Last May, the British rail network introduced what had been sold as the biggest timetable shake-up in a generation, and promptly fell over. Commuters had been promised new, more frequent journey opportunities thanks to new or upgraded cross-city infrastructure in London and Manchester. What they got instead was delays, cancellations and, eventually, a new, new timetable – which improved reliability largely by giving up pretending that a lot of services had ever existed at all.
In the weeks that followed, everyone involved played pass-the-parcel with the blame for this catastrophe, downplaying the role of their own mistakes while talking up those of others. Unions blamed train operating companies. Northern and Govia Thameslink in turn blamed Network Rail, the government agency responsible for the infrastructure. So did Transport Secretary Chris Grayling who, with the political instincts and sense of personal responsibility for which he’s famous, said that he did not, in fact, run the railways.
To the first approximation, everyone blamed everyone else, and the buck – like so many Thameslink services attempting to make up for delays – stopped nowhere. The outgoing Network Rail boss Mark Carne, meanwhile, accepted a CBE.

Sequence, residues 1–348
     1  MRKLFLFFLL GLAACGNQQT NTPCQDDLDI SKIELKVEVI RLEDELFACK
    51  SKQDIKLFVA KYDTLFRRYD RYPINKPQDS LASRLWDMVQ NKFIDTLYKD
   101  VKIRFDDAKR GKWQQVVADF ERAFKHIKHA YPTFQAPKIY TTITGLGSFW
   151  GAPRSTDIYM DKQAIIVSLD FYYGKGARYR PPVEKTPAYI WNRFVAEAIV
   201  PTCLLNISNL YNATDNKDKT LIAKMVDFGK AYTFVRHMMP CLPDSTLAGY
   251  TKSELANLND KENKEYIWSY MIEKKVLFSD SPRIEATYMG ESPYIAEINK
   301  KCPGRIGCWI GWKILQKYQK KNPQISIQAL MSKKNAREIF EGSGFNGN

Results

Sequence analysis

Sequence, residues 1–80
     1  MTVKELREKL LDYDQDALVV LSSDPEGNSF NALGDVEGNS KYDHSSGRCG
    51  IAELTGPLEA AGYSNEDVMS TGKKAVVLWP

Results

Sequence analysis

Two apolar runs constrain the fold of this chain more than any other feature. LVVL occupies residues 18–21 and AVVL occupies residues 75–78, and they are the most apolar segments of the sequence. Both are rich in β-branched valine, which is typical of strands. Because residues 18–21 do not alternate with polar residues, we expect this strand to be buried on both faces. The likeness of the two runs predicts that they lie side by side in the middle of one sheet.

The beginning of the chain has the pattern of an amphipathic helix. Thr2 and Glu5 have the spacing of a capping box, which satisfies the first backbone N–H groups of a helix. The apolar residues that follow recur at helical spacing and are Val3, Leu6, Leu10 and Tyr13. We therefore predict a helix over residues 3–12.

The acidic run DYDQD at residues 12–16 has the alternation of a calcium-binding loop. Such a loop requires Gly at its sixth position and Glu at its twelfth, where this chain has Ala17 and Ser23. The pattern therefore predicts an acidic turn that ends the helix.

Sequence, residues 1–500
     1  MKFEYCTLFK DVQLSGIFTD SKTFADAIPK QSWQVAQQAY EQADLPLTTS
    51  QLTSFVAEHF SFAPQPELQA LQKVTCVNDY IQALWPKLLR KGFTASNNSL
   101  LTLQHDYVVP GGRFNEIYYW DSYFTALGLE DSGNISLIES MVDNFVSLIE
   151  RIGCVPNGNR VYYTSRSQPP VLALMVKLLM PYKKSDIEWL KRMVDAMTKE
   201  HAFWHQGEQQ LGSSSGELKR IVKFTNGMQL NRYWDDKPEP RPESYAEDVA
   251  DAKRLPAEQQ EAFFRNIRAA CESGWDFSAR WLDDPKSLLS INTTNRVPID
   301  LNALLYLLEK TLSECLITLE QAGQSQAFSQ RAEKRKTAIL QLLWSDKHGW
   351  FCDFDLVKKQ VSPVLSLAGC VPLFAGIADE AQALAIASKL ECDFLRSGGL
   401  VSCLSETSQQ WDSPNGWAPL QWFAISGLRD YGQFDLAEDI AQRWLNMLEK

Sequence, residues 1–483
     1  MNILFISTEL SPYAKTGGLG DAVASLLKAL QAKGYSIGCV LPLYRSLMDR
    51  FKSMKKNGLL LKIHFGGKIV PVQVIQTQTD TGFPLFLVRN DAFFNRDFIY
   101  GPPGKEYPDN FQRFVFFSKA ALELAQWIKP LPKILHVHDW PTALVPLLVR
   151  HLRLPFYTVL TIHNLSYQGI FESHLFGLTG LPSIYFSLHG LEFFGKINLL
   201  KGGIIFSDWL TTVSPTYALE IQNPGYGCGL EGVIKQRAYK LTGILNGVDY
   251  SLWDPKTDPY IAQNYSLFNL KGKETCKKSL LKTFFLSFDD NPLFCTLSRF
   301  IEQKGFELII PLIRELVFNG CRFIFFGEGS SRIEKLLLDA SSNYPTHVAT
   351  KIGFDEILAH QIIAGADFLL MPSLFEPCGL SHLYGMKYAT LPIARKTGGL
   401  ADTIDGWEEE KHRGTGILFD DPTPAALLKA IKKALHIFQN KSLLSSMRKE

Yesterday, the Office of Rail and Road (ORR) published its interim inquiry into the causes of this mess – and it concluded, in short, that everyone was right. Network Rail did fall behind on infrastructure improvements, and failed to come up with a back-up plan, wrongly believing it could make up the time. GTR and Northern were not aware of or prepared for problems, and failed to keep passengers informed of their intentions. Both the Department for Transport (DfT) and the ORR itself failed in their oversight roles, accepting assurances from the industry that everything would be fine instead of checking and discovering that it wasn’t. Nobody took charge: everybody is to blame.